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Artist, Mariona Lloreta, was commissioned to create the NBT 2015 Awards

The National Black Theatre celebrated its 47th anniversary and the birthday of its founder, Barbara Ann Teer, with the  Teer Spirit Awards Gala - an elegant and star-studded evening highlighting the the institution’s proud legacy and the accomplishments of several trailblazers in the performing arts.
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After a lovely cocktail reception, the organization’s CFO, Abisola Faison, welcomed guests with a traditional Yoruba blessing. NBT’s Jonathan McCrory reflected on the theater’s history as a “Journey of Love” – a phrase that would also aptly describe the long and glorious ceremony ahead. And, Sade Lythcott, CEO and daughter of the founder, recounted precious and culturally rich moments with her mother. Rain Pryor followed with an opening skit, evocative of her one woman show  (currently playing at NBT through June 28th).
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The love continued with distinguished performers, hosts, and honorees, who were receiving recognition for their extraordinary and pioneering feats in the arts. Among the evening’s hosts were Russell G. Jones, Michelle Wilson and Thelma Golden, with additional performances by Nsangou Njikam and Bert Price. Honorees included Kwame Kwei-Armah, Kamilah Forbes, Carmen de Lavallade, Sydne Mahone, Rosalba Rolo, Roberta Uno, Mary Schmidt Campbell, Dominique Morisseau, and Chief Nike Monica Okundaye. Each of them, awardees and artists alike, could trace symbolic moments with the National Black Theatre throughout their careers and over its near half-century year reign.

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NBT’s 47th was an evening that powerfully celebrated the arts and its champions, this historic institution and, most of all, the lives, visions and legacies of its inextinguishable founding parents: Dr. Barbara Ann Teer, Frederica L. Teer, and Tunde Samuel.
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National Black Theatre, 2031 Fifth Avenue, NYC, 10035
| www.nationalblacktheatre.org

Photos: NBT's Sade Lythcott & Jonathan McCrory; Honorees, Carmen de Lavallade & Kamilah Forbes; Guests. Lisa Branch, Alia Jones-Harvey & Stephen Byrd. (Photos: Salif Cisse)

Photos: NBT’s Sade Lythcott & Jonathan McCrory; Honorees, Carmen de Lavallade & Dominique Morisseau; Guests. Lisa Branch, Alia Jones-Harvey & Stephen Byrd. (Photos: Salif Cisse)

Morningsider was pleased to share this exceptional evening with Salif Cisse, our Summer Assistant, visiting from Paris France. As a performing artist, experiencing his first Harlem Arts & Culture event, Salif shares these personal remarks:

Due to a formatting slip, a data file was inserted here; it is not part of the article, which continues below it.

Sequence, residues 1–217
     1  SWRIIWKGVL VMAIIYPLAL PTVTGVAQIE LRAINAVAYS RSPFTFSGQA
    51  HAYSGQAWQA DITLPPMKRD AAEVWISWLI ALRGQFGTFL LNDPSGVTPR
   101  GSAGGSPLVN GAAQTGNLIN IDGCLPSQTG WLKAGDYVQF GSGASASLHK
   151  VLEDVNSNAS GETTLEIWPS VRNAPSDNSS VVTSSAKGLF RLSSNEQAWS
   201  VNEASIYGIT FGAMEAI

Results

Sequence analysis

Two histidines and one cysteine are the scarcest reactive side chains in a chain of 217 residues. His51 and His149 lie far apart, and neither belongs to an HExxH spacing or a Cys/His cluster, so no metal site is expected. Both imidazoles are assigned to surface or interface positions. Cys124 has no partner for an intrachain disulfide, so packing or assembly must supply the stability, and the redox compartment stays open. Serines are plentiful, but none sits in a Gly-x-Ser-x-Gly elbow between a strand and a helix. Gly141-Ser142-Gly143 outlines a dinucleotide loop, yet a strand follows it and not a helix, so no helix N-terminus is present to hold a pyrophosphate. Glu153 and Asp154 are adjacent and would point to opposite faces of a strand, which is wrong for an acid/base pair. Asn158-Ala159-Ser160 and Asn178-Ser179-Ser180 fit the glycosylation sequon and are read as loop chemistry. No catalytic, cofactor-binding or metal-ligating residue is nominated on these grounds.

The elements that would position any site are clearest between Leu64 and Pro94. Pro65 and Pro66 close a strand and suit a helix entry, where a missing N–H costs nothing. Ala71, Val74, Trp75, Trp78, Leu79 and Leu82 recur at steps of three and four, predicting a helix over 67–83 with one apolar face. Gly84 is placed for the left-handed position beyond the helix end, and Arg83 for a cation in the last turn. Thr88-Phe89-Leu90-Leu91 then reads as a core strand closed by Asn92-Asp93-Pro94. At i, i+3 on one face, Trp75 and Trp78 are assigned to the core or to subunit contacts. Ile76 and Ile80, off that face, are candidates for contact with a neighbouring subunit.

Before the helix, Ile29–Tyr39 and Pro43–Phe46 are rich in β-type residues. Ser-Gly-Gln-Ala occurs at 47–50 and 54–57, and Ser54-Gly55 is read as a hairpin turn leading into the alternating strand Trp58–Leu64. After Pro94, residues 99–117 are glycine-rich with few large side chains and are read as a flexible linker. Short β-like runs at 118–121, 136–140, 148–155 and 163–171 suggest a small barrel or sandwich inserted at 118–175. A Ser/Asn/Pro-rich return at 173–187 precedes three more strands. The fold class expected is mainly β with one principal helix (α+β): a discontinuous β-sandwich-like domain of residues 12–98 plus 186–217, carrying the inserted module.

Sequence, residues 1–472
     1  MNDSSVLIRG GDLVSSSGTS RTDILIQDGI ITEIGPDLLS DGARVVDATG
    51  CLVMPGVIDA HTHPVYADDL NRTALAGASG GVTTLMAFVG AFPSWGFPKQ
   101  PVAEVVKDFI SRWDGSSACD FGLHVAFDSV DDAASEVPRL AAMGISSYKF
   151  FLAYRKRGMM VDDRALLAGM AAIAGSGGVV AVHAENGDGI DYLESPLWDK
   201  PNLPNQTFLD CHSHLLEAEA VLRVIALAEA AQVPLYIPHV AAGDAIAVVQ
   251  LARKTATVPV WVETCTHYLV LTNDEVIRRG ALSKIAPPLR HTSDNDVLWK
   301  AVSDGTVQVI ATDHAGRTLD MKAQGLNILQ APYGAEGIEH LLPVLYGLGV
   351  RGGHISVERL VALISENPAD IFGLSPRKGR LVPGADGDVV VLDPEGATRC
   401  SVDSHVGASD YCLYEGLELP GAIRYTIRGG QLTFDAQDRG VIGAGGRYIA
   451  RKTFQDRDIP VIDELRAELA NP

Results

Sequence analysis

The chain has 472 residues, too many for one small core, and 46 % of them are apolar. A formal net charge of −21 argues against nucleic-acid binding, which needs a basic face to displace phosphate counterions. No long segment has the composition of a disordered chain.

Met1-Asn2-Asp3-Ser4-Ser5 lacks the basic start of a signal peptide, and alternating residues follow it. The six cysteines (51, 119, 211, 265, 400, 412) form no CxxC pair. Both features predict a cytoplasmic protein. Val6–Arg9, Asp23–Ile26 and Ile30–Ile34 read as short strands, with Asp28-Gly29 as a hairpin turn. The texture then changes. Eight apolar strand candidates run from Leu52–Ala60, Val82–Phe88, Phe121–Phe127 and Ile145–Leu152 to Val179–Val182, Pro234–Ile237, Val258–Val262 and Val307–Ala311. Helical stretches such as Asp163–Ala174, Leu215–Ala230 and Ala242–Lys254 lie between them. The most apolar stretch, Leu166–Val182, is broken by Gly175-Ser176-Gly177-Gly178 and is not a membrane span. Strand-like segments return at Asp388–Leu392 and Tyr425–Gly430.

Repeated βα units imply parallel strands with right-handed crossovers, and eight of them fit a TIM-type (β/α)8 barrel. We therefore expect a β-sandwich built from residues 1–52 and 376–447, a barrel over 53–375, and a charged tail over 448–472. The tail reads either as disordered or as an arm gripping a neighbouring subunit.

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I usually don’t like awards ceremonies…To be honest, I don’t really know any of the people who received awards that night, or even if they are the best at what they do. But, what I am sure of is that this night was not about individuals as much as it was about celebrating  art: Art, as a means, as a tool to achieve something.

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This night was the night of allegories. A lot of award speeches talked about “spirit,” and the sacred part of art. “Theater is our sacred ground,” said Kamilah Forbes. “The legacy that we received and the legacy that we will left behind us.” This, all night, was a pretext to talk about how a noble art such as theater is a wonderful way to serve a community.
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This evening was mainly about the Black Theater. As a French actor, the Black Theater is a strange thing to me because the French don’t believe in communalism. They are afraid of it. They believe in complete integration. But this is hypocrisy because foreign people are not accepted as they should be. So why can’t they organize with each other as they want?
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There are clearly not enough black people, or even worse, foreign people in French Theater, because French Theater doesn’t represent reality as it should be. I am not talking about foreigners that just arrived, I am talking about French with foreign origins, born and raised in the country. The particularity of France is that its population is one of the most diverse in the world, in terms of origins. But the social origin is also at stake here. For what kind of audience is a play is written?
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“A noble art practiced by noble protagonists, for a noble audience.” Certain people think like that. That is why the people don’t go to the theater.
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Communalism can be a part of the solution. The fact that black people in the U.S. organize each other to be able to use this form of art – a form that I love so much – to express their own problems, their own need for change, their own feelings about the world, is something that moved me very deeply. It confirmed to me that art belongs to the people as a whole; that art is not black, white, poor, or rich. But, it is the result of a need for humans to express themselves and to expose their own reality, who ever they are.
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“Theater is our sacred ground.” I could not agree more.